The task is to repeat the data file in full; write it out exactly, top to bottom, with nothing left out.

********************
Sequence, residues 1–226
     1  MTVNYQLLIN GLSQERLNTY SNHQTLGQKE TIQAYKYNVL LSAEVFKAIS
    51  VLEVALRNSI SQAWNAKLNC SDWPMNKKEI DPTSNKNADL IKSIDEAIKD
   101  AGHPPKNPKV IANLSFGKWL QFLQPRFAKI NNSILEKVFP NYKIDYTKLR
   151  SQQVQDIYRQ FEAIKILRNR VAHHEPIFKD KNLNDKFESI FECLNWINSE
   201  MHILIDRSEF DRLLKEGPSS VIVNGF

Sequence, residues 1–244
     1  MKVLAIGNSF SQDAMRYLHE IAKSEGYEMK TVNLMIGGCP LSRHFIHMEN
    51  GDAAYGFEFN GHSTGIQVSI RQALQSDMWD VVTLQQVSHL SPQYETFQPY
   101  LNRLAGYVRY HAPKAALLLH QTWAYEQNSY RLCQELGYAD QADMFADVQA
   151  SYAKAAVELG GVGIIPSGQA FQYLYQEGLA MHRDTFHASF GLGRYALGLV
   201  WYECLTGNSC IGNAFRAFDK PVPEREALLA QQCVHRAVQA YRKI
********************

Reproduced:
Sequence, residues 1–226
     1  MTVNYQLLIN GLSQERLNTY SNHQTLGQKE TIQAYKYNVL LSAEVFKAIS
    51  VLEVALRNSI SQAWNAKLNC SDWPMNKKEI DPTSNKNADL IKSIDEAIKD
   101  AGHPPKNPKV IANLSFGKWL QFLQPRFAKI NNSILEKVFP NYKIDYTKLR
   151  SQQVQDIYRQ FEAIKILRNR VAHHEPIFKD KNLNDKFESI FECLNWINSE
   201  MHILIDRSEF DRLLKEGPSS VIVNGF

Sequence, residues 1–244
     1  MKVLAIGNSF SQDAMRYLHE IAKSEGYEMK TVNLMIGGCP LSRHFIHMEN
    51  GDAAYGFEFN GHSTGIQVSI RQALQSDMWD VVTLQQVSHL SPQYETFQPY
   101  LNRLAGYVRY HAPKAALLLH QTWAYEQNSY RLCQELGYAD QADMFADVQA
   151  SYAKAAVELG GVGIIPSGQA FQYLYQEGLA MHRDTFHASF GLGRYALGLV
   201  WYECLTGNSC IGNAFRAFDK PVPEREALLA QQCVHRAVQA YRKI